Polar research in the Arctic and Antarctic is imperative to understand our past, present, and future impact of such environments with global environmental change. Impacts from environmental change in polar regions will be felt worldwide, affecting all life on Earth on scales that previously seemed unimaginable. The last surge of polar research emphasis was generated by the International Polar Year (last conducted from 2007–2009) and Polar Research Board participants, which inspired researchers, journalists, educators, and young academics to become more involved with the innovative research projects and products in polar regions (http://nas-sites.org/us-ipy/ and http://dels.nas.edu/prb; accessed August 2018). To keep momentum moving forward, the Scientific Committee for Antarctic Research (SCAR) and the International Arctic Science Committee (IASC) joined together for the POLAR2018 Open Science Conference in Davos, Switzerland, in June 2018. This is the first time since IPY that SCAR and IASC have come together to provide an opportunity for diverse scientists worldwide of all career stages to present their latest research highlights from Antarctic, Arctic, and high alpine regions while promoting opportunities for researchers and educators to connect with other community members. The conference stressed the importance of communication, not only with scientists working in different polar regions, but also with researchers working at both poles. Therefore, this was the premier gathering for the international community of interdisciplinary polar scientists and educators.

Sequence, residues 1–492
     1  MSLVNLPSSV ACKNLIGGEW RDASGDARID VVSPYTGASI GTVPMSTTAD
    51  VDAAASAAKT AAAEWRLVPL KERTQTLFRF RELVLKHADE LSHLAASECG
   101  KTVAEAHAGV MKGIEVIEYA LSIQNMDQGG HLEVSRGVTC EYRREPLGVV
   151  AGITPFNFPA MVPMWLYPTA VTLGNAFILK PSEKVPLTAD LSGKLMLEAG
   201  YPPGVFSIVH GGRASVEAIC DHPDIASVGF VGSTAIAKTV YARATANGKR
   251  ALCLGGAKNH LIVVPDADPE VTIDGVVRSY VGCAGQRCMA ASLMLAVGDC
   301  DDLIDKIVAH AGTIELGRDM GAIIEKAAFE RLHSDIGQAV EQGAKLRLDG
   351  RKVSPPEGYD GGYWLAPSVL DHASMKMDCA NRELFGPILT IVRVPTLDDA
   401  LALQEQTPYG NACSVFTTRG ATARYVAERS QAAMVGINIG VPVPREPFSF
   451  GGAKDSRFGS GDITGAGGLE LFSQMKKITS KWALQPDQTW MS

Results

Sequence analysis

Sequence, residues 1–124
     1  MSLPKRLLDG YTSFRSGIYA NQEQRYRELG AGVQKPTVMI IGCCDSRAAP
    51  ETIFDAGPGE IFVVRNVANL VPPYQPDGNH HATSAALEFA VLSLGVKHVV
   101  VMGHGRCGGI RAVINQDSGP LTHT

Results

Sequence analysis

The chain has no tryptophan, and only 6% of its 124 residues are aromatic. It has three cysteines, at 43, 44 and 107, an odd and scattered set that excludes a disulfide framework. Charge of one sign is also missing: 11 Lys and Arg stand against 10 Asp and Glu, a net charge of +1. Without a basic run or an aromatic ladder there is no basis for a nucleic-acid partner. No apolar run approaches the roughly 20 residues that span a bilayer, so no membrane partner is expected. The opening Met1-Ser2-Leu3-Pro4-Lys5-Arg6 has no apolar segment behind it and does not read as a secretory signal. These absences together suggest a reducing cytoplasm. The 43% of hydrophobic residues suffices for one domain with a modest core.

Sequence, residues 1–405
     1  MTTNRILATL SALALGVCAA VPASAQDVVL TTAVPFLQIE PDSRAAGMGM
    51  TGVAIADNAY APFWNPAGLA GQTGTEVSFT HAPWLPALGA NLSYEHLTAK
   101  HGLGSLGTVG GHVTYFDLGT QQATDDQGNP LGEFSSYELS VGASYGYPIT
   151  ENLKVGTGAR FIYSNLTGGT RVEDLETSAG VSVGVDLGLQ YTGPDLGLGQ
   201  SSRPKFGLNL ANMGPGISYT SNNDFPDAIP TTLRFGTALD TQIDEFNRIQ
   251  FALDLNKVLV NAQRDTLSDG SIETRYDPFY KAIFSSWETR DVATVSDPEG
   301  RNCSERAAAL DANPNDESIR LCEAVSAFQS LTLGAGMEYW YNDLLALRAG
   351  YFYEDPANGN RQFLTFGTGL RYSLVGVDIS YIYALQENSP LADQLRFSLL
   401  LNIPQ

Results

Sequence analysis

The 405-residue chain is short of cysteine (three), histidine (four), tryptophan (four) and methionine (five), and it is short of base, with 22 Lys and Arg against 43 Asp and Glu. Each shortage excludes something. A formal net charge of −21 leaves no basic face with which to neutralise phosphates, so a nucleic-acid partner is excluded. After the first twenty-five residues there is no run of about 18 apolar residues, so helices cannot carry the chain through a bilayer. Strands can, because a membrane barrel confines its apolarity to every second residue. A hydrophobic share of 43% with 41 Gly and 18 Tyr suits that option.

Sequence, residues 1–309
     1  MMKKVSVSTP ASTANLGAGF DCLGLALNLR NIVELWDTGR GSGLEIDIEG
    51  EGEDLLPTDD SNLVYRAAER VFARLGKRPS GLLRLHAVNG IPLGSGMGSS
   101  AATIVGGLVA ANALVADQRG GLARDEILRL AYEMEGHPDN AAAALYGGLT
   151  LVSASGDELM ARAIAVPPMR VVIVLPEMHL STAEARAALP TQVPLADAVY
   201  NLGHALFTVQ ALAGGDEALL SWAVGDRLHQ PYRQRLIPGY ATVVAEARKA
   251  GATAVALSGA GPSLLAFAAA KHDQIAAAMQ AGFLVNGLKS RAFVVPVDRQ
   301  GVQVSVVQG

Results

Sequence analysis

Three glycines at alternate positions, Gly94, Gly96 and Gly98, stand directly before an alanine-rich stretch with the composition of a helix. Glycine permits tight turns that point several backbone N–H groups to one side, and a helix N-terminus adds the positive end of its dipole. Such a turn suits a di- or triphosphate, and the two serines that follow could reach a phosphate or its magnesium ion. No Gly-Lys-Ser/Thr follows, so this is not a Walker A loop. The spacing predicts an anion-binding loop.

D’Andrilli, J.






ASLO Bulletin Limnology and Oceanography



D’Andrilli, J. (2018): Where the Poles Come Together: POLAR2018 Joint Open Science Conference. In: ASLO Bulletin Limnology and Oceanography. Volume27, Issue4, Pages 126-128. https://doi.org/10.1002/lob.10275



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